1955 / Best Picture / Best Supporting Actor

Film #190: Mister Roberts (1955)

Although the majority of the films on this list are sourced from either LoveFilm or YouTube, I occasionally get lucky when seeking a certain title out. This happened to me in the case of Mister Roberts, a film that I hadn’t been able to locate up to this point, which just out of the blue popped up on Saturday afternoon on Channel Five.

Mister Roberts is a comedy-drama set on a cargo ship during the final days of World War Two and put me in mind of The Caine Mutiny as it deals with similar themes and has a big name cast. Among those names were James Cagney and William Powell who played the ship’s tyrannical captain and its world-weary doctor respectively. It was interesting to see both Powell and Cagney as their careers were winding down with this being the former’s final film appearance and the latter’s final role for MGM. Meanwhile a young performer by the name of Jack Lemmon had a starring performance here as the jovial ensign, a part that earned him that year’s Best Supporting Actor Oscar. But stealing the show was Henry Fonda who put in one of his best turns as the titular Mister Roberts. Fonda’s character is desperate to serve properly and writes weekly letters to be let off the ship. Unfortunately Cagney’s Captain sees him as an asset so keeps him around and he is well liked by his crew members whom he doesn’t impose strict rules on. As time goes on the Captain is frustrated by Roberts and feels he isn’t respecting him so he grants the crew their leave as long as Roberts tows the line and agrees with his orders. When the crew finally find out about this they decide to forge a letter from the Captain and get him transferred from the ship and he finally gets to serve in Japan the film tragically ends with the news that Roberts died when a suicide bomber killed all the crew of his new ship. While the death of your main character would usually be a downer in the case of Mister Roberts it was slightly more poignant and uplifting as he died getting what he always wanted to do and that was serve properly during the war.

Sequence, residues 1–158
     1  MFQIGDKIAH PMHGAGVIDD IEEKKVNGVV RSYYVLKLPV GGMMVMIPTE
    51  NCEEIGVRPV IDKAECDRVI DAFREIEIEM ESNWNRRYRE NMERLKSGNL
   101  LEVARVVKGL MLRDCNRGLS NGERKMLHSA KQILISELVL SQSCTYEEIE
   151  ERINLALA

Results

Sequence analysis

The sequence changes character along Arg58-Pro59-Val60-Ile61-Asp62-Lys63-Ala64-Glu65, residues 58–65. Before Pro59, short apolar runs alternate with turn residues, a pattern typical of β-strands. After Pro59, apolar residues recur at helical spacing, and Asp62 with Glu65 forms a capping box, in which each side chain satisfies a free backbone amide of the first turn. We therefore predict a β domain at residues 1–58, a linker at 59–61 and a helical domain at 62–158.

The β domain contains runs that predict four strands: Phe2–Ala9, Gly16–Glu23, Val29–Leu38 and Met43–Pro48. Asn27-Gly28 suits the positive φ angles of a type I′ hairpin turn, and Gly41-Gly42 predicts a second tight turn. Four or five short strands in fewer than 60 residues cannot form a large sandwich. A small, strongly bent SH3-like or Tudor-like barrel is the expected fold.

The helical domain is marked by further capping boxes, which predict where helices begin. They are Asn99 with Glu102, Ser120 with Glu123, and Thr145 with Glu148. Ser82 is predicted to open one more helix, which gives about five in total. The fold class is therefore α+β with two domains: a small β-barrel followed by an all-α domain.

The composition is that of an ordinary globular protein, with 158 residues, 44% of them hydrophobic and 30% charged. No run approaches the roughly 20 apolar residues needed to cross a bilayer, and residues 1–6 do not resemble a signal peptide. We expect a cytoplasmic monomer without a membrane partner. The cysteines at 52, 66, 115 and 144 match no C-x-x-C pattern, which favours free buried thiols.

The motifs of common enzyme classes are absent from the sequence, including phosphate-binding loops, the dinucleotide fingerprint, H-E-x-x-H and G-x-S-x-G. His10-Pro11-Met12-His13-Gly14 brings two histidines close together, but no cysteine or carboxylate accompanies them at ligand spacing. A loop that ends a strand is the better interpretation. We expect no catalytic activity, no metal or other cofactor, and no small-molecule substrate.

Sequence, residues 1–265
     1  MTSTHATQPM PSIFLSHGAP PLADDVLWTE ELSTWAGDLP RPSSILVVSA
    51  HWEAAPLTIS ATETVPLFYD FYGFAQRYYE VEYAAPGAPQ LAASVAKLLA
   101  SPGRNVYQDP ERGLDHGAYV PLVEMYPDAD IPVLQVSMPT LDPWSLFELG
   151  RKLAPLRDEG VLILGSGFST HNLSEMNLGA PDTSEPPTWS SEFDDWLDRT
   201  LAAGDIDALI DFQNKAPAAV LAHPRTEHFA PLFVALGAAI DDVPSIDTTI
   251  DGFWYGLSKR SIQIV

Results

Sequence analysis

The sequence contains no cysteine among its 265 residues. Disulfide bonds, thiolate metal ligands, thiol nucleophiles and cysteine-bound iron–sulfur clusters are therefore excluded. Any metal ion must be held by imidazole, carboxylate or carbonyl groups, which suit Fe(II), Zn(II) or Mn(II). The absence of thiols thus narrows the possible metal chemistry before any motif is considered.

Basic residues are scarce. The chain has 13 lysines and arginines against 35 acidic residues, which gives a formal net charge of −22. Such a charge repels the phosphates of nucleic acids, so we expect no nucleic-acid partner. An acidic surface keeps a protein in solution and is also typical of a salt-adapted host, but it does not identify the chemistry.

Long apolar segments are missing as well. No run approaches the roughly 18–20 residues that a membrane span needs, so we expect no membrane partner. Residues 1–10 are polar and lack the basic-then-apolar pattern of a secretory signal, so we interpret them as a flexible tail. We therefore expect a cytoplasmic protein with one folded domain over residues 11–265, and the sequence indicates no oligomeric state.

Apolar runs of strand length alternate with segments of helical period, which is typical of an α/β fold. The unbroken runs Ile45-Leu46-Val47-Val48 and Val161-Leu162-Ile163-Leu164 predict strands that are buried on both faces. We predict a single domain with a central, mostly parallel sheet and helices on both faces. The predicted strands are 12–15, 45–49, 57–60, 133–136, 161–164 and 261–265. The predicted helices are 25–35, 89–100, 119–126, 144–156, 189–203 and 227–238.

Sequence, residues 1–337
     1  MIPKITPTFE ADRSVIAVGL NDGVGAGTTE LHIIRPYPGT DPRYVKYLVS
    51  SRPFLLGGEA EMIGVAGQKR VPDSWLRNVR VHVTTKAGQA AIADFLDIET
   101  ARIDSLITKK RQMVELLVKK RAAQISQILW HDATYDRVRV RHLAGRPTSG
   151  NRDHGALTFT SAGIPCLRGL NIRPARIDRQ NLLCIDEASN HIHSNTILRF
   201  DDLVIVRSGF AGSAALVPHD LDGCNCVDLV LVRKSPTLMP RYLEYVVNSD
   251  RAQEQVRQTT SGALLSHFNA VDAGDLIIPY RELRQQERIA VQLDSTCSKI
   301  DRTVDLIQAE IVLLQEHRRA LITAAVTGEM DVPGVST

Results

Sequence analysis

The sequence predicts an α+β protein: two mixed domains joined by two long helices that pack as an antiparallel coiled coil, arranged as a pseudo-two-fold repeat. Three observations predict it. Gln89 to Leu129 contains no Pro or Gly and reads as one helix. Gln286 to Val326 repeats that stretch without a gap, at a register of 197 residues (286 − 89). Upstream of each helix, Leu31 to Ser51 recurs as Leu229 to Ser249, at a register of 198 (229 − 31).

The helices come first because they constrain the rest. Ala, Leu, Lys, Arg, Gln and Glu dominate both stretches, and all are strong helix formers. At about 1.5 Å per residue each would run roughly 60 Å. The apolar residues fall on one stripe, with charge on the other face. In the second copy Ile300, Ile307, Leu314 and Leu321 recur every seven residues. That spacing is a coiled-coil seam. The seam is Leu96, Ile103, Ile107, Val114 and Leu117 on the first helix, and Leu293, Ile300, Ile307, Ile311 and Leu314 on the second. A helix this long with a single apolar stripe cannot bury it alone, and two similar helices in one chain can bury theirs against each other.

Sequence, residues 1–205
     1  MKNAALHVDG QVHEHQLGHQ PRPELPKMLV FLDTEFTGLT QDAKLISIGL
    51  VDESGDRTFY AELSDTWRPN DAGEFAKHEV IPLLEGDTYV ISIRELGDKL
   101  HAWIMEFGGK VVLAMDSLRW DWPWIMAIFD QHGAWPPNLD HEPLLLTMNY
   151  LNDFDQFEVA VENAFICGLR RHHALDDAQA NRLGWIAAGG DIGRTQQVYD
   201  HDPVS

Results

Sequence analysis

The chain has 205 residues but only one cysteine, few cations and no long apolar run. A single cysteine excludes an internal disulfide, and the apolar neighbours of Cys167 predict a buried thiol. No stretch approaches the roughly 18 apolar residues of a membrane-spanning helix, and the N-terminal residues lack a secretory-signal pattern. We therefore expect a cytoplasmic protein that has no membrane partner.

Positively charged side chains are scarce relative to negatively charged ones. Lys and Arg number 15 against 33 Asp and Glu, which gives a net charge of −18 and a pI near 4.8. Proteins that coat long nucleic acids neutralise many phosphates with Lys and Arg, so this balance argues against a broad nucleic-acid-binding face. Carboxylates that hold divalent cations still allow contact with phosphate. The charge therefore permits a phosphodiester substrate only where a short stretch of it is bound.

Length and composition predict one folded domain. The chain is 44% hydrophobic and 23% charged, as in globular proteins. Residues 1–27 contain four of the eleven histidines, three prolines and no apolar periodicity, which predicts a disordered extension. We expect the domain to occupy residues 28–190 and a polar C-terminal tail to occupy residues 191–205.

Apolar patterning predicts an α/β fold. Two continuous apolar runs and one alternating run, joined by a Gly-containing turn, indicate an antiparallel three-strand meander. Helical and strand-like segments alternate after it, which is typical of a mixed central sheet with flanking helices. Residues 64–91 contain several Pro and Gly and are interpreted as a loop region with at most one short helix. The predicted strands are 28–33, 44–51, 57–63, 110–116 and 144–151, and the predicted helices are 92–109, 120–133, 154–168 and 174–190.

I have to say I really enjoyed Mister Roberts mainly how easily it was able to demonstrate how not all men had heroic jobs during the war some of them just were there to ship cargo from one port to another and weren’t happy about it. There are a lot of comic segments throughout the film demonstrating this including one where the men try and spy nurses on a nearby island while they are in the shower while one long scenes sees Fonda, Powell and Lemmon try and knock up some home-made scotch. These segments are transposed with some truly heart-wrenching moments such as Cagney opening up to Fonda about his life before he became a captain which was fairly reminiscent of Bogart’s speech to his crew in The Caine Mutiny and also the scene in which Fonda goes crazy after he realises that he might not serve when peace in Europe is announced. Lemmon’s performance is indeed great combining his comic timing with more dramatic moments of clarity personally his ways of getting revenge over a captain he’s scared of are particularly memorable. All in all a great quartet of performances coupled with John Ford’s skilled direction and a great script means that Mister Roberts is one of the better Oscar nominees never to take home the prize.


Leave a Reply

Fill in your details below or click an icon to log in:

WordPress.com Logo

You are commenting using your WordPress.com account. Log Out /  Change )

Google+ photo

You are commenting using your Google+ account. Log Out /  Change )

Twitter picture

You are commenting using your Twitter account. Log Out /  Change )

Facebook photo

You are commenting using your Facebook account. Log Out /  Change )


Connecting to %s